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Benefits and barriers to the public health pharmacy: a qualitative exploration of providers’ and commissioners’ perceptions of the Healthy Living Pharmacy Framework

Lookup NU author(s): Professor Adam ToddORCiD, Professor Clare BambraORCiD



This work is licensed under a Creative Commons Attribution-NonCommercial 4.0 International License (CC BY-NC 4.0).


Aims: The aims of this study were to explore the barriers to the implementation and progression of the Healthy Living Pharmacy (HLP) framework, from both provider and commissioner perspectives, and to ascertain whether the successes and barriers of the framework perceived by pharmacies are shared with commissioners. Methods: A structured qualitative interview study, using purposive sampling, was undertaken with 11 community pharmacists and 11 Healthy Living Champions (providers) from HLPs in the north of England. Four commissioners of such services were also interviewed. Interviews were analysed using a thematic approach. Results: There were many aspects of the HLP framework that the service ‘providers’ were positive about, namely, workforce development, engagement (particularly with the smoking cessation service) and as a motivation for pharmacy teams. However, there were areas of concern about low awareness among pharmacy users, the time involved in delivery, as well as financial considerations. These were exemplified by the health checks element. Commissioners also expressed concerns about health checks as well as a lack of cohesion between commissioners and service providers and a poor understanding of the broader framework. Conclusion: The HLP framework was perceived as valuable by providers although there were areas of concern. A key barrier to the framework – perceived by both providers and commissioners – was the implementation of health checks. This should be considered in future commissioning.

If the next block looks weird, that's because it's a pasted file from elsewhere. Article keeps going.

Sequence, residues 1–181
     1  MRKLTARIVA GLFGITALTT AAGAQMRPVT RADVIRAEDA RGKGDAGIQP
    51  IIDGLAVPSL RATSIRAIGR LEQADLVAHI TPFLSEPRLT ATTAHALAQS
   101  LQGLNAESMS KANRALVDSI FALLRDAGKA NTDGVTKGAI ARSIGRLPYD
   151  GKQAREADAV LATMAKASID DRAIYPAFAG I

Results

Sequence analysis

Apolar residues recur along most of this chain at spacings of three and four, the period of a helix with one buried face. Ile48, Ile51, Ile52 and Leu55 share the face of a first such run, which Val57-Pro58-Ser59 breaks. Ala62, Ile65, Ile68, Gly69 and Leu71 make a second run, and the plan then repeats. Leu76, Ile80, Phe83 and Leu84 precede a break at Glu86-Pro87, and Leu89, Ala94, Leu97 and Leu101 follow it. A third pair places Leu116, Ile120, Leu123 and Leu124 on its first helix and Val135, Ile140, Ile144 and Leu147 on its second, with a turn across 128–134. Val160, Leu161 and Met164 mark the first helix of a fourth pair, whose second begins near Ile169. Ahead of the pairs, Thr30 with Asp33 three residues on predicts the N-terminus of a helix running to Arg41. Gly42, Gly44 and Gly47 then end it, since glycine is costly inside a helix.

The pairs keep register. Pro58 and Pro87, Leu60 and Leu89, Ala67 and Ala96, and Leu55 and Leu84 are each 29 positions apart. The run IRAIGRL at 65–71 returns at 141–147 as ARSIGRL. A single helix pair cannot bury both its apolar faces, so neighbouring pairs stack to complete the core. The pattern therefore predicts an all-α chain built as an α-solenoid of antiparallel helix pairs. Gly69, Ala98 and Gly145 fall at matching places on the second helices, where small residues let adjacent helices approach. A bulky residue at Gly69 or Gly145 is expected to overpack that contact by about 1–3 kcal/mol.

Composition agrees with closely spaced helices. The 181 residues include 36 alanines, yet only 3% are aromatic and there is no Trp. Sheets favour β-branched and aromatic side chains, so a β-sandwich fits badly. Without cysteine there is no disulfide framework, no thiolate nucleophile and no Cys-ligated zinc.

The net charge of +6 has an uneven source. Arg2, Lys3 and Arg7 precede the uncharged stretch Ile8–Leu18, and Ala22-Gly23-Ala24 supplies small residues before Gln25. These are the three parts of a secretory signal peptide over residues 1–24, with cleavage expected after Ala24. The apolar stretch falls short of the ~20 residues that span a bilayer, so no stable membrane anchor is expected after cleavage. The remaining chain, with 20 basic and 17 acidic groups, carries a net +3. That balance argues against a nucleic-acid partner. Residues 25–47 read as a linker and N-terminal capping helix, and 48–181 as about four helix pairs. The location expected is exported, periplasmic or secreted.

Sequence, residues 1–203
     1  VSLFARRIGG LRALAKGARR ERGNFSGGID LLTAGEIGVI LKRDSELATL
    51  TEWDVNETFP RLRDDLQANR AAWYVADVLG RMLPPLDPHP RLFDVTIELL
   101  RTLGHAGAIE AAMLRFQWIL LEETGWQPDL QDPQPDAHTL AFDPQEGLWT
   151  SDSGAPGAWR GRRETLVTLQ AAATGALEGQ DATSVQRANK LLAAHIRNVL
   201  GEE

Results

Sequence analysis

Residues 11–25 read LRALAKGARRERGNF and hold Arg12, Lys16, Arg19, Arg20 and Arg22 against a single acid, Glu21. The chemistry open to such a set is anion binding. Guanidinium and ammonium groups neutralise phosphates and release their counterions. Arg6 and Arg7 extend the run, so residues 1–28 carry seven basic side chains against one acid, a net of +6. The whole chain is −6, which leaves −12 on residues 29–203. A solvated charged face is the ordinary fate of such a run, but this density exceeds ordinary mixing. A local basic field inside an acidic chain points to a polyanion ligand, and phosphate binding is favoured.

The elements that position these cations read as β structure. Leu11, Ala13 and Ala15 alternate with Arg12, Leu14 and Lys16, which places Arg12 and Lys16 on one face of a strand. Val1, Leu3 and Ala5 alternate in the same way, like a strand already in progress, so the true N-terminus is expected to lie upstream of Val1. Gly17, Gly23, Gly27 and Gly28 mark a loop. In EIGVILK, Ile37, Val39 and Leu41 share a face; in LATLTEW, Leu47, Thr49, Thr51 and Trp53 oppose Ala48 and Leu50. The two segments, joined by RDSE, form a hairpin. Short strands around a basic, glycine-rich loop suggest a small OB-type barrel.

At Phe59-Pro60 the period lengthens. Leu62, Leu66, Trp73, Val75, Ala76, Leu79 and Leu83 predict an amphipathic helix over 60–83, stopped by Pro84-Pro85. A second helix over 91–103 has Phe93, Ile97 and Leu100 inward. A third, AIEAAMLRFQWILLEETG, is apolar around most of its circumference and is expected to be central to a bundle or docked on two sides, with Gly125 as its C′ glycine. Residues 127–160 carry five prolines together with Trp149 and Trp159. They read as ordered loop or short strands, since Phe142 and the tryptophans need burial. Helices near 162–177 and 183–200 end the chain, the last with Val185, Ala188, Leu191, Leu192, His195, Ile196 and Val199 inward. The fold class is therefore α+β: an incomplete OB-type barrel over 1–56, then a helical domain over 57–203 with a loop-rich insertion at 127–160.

Publication metadata

Author(s): Firth H, Todd A, Bambra C

Publication type: Article

Publication status: Published

Journal: Perspectives in Public Health

Year: 2015

Volume: 135

Issue: 5

Pages: 251-256

Print publication date: 01/09/2015

Online publication date: 13/04/2015

Acceptance date: 01/01/2015

Date deposited: 05/02/2017

ISSN (print): 1757-9139

ISSN (electronic): 1757-9147

Publisher: Sage Publications Ltd


DOI: 10.1177/1757913915579457


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